• Pediatric Dermatology Fellowship: Dermatologists who are interested in working with children can complete a one or two-year fellowship in pediatric dermatology. This fellowship provides specialized training in the unique skin conditions and treatments that affect children.
  • Dermatopathology Fellowship: Dermatopathology is a subspecialty of dermatology that involves examining skin samples under a microscope to diagnose skin diseases. Dermatologists can complete a one or two-year fellowship in dermatopathology to gain advanced training in this technique.
  • Cosmetic Dermatology Fellowship: Dermatologists who are interested in performing cosmetic procedures such as Botox injections or laser treatments can complete a one-year fellowship in cosmetic dermatology. This fellowship provides specialized training in these procedures.
Step 5

Licensure and Board Certification

To become licensed, dermatologists must pass the United States Medical Licensing Examination (USMLE) or the Comprehensive Osteopathic Medical Licensing Examination (COMLEX-USA). These exams assess a doctor's knowledge and ability to diagnose and treat patients.

In addition to passing the exams, dermatologists must also meet other requirements set by their state's medical board, such as completing a certain number of continuing education credits or completing a criminal background check.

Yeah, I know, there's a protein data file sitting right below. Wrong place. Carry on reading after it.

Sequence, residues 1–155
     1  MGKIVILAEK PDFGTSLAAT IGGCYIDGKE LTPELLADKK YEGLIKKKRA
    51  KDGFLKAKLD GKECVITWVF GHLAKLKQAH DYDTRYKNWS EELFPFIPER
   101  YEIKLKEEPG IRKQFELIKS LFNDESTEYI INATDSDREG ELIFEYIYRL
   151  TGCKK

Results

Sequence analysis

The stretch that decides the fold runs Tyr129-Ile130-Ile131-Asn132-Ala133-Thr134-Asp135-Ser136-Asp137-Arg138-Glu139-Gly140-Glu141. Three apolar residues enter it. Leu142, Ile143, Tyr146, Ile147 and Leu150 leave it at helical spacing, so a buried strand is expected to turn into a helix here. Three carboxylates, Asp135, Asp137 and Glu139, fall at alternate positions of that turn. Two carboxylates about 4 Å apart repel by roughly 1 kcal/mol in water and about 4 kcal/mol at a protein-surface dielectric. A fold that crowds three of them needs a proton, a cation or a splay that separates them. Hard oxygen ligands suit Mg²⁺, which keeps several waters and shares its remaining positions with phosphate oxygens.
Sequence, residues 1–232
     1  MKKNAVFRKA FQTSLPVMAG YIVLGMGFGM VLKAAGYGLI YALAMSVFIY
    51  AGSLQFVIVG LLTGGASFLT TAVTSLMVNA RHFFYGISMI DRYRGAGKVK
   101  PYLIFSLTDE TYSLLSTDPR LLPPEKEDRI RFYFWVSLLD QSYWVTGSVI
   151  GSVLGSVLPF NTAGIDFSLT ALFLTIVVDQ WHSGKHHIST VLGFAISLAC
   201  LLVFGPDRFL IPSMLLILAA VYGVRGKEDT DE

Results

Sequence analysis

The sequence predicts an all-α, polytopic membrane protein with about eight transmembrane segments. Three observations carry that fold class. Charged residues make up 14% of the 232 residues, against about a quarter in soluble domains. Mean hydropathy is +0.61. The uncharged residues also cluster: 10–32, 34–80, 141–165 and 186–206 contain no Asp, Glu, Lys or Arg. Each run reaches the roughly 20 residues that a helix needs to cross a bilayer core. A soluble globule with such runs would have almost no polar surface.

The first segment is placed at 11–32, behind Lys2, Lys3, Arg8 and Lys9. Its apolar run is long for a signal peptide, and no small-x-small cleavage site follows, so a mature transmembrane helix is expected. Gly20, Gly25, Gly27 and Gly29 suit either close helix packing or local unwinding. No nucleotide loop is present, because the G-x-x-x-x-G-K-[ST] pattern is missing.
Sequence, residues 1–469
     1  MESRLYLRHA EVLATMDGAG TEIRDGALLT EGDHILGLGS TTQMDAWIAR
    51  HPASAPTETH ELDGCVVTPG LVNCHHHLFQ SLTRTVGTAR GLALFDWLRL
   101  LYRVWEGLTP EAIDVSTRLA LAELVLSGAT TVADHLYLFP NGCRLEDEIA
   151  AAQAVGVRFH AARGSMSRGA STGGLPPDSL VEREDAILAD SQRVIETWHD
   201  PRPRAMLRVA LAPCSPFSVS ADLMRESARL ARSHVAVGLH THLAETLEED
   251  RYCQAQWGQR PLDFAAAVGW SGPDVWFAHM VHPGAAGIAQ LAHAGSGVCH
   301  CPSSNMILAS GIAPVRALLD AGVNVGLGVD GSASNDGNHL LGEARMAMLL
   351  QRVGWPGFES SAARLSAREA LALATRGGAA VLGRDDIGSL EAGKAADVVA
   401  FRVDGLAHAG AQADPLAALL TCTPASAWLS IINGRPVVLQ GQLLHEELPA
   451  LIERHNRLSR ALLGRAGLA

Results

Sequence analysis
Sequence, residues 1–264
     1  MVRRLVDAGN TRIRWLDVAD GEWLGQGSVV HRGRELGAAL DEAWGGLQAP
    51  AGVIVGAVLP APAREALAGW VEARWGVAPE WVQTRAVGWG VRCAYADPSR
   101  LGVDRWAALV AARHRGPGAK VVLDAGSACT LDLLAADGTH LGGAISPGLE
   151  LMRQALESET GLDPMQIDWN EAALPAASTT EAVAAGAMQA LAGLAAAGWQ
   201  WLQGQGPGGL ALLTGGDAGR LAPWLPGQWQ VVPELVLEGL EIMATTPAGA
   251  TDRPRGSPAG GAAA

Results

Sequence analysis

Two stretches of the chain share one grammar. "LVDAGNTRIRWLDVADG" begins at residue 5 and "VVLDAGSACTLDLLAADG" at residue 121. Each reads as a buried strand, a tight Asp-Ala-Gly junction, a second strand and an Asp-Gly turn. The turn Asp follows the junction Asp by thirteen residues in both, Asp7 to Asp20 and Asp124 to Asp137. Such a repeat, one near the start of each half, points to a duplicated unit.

Board Certification
Board certification for dermatologists is a voluntary process that involves an additional level of testing and assessment beyond medical licensure. The certification is offered by the American Board of Dermatology (ABD) and signifies that the dermatologist has met certain standards of knowledge and competency in their field.

The exam is a comprehensive, one-day test that covers various aspects of dermatology, including medical, surgical, and cosmetic dermatology. After passing the exam, dermatologists become board-certified in dermatology and are recognized as experts in their field.

To maintain their certification, dermatologists must participate in ongoing continuing education and periodically complete recertification exams or other assessments. This ensures that they stay up-to-date with the latest advancements in their field and maintain their competency as dermatologists.